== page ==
How Oxygen Hurts Our Hearts

By Adrienne Mueller, PhD
October 27, 2020

The Problem: Right Ventricular Failure

Congenital heart disease, a condition which approximately 1% of children in the US are born with, often causes a chamber of the heart called the right ventricle to fail. Currently, we do not understand the mechanism underlying this failure, which means we have a very hard time not only identifying which children will experience heart failure and when, but also treating it.  The standard therapies we deploy for left heart failure—beta blockers, and ACE-inhibitors—do not work for right ventricular failure. We therefore need better therapies that target the underlying problem in these patients, which means we need a better understanding of the mechanisms causing our hearts’ right ventricles to fail.

Energy-intensive cardiomyocytes are filled with mitochondria (green) that cycle oxygen and ATP. Image taken from adult rat cardiomyocytes stained for a mitochondrial-specific protein. Image credit Kuznetov et al (2013).

Oxygen: Necessary but Harmful

Heart cells are extremely energy intensive. Every day, the heart uses oxygen to cycle up to 20 times its own weight of the energy-producing protein ATP. In order to generate the energy they need to contract, heart cells are packed with mitochondria:  bundles of lipid membranes studded with oxygen-consuming ATP. However, oxygen is a reactive particle that can cause damage to cells. Because heart cells consume so much oxygen to produce energy, they are especially vulnerable to oxygen-induced stress (oxidative stress). First author HyunTae V. Hwang, PhD, and senior author Sushma Reddy, MD, of the Stanford Cardiovascular Institute therefore investigated how oxidative stress impacts heart cells.

In a paper recently published in Circulation, Hwang et al first showed that the heart cells of individuals with right ventricular failure do indeed exhibit oxidative stress, particularly of lipid membranes. When lipids are oxidated they create a product called 4HNE (4-Hydroxynonenal). Hwang et al next showed that there is more 4HNE being produced in patients with right ventricular failure and that mitochondria, which are extremely lipid-rich, are especially sensitive to 4HNE damage. In addition to mitochondrial damage, proteins that are important for the shape of our heart cells and their ability to contract were also damaged by 4HNE. In terms of a mechanism, this study suggests that when 4HNE reacts with mitochondrial proteins and damages their ability to consume oxygen, leading to reduced energy output of our heart cells and contributes to heart failure.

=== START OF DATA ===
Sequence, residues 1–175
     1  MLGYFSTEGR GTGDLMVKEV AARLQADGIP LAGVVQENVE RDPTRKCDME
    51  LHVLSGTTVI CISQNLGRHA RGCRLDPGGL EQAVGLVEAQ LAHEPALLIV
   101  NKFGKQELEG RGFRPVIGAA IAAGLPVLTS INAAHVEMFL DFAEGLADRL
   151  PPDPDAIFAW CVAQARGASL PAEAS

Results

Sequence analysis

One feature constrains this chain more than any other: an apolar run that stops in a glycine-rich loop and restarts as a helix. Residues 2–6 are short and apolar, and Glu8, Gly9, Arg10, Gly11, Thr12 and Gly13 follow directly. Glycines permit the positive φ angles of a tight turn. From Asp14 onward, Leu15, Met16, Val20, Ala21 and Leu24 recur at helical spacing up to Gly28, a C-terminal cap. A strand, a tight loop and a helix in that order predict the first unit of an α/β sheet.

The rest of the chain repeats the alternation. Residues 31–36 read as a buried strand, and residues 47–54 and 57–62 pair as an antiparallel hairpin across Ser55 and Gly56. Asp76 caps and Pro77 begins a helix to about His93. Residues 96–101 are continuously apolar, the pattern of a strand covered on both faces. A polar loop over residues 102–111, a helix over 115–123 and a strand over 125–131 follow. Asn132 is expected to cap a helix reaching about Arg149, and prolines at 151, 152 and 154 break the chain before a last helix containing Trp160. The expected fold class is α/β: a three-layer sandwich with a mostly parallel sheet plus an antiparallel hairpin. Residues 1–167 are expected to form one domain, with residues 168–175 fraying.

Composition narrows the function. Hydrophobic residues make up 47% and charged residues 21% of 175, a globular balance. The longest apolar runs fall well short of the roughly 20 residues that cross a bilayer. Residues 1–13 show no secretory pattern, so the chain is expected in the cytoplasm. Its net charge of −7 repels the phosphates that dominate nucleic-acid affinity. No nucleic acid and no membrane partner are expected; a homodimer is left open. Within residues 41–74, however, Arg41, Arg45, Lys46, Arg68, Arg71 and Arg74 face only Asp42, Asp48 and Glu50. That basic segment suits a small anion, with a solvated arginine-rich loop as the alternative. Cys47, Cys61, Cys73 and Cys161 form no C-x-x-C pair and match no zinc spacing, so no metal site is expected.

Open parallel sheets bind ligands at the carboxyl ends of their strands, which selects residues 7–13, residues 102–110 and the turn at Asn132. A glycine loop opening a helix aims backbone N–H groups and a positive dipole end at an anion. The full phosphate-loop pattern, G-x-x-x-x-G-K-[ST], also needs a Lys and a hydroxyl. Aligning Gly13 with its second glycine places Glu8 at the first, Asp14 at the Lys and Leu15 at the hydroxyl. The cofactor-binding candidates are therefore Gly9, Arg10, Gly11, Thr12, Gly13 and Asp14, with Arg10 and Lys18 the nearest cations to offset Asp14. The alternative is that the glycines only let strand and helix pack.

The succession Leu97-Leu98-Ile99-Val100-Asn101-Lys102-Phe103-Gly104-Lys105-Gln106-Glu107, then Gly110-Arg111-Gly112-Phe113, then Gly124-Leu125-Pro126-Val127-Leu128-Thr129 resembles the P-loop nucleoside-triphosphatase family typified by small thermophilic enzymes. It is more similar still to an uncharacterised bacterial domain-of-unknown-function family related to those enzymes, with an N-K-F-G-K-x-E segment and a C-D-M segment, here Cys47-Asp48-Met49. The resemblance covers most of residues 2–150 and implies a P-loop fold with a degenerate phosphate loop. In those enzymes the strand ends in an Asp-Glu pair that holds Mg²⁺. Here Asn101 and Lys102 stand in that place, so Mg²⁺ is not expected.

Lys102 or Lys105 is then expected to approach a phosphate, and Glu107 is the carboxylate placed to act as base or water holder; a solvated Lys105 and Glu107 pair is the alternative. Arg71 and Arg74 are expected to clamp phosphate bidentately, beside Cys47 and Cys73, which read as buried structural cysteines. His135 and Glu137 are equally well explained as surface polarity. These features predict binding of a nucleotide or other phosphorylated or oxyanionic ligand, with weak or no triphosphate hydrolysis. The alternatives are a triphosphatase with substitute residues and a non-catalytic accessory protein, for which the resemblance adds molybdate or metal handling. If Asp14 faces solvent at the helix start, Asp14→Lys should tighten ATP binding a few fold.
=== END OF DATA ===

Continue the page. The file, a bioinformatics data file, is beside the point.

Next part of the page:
A Solution? Antioxidative Therapies

The remedy may seem obvious – reduce oxidative stress to heart cells. But, when the authors attempted to use a known antioxidative drug, Cardvedilol, to halt oxidative stress to heart cells, it had no effect. Encouragingly, however, even though Cardvedilol did not reverse existing mitochondrial damage, the authors did show that it helped prevent new 4HNE-related damage. Antioxidative therapies are therefore a promising avenue for preventing right ventricular failure in at-risk patients.

Hwang et al have shed light on an important new mechanism that helps explain right ventricular failure. Individuals with right ventricular failure have 4HNE-induced damage to heart cell mitochondria, which impairs energy generation by inhibiting the ability of those mitochondria to consume oxygen. New therapies that limit oxidative stress are therefore needed to help treat individuals with right ventricular failure. By improving energy generation, we can improve heart cell activity and survival, and have better functioning hearts.

Other Stanford Cardiovascular Institute-affiliated investigators who contributed to this work include Nefthi Sandeep, Sharon L. Paige, Sara Ranjbarvaziri, Dong-Qing Hu, Mingming Zhao, Ingrid S. Lan, Sean M. Wu, Giovanni Fajardo, and Daniel Bernstein.

HyunTae V. Hwang, PhD

Sushma Reddy, MD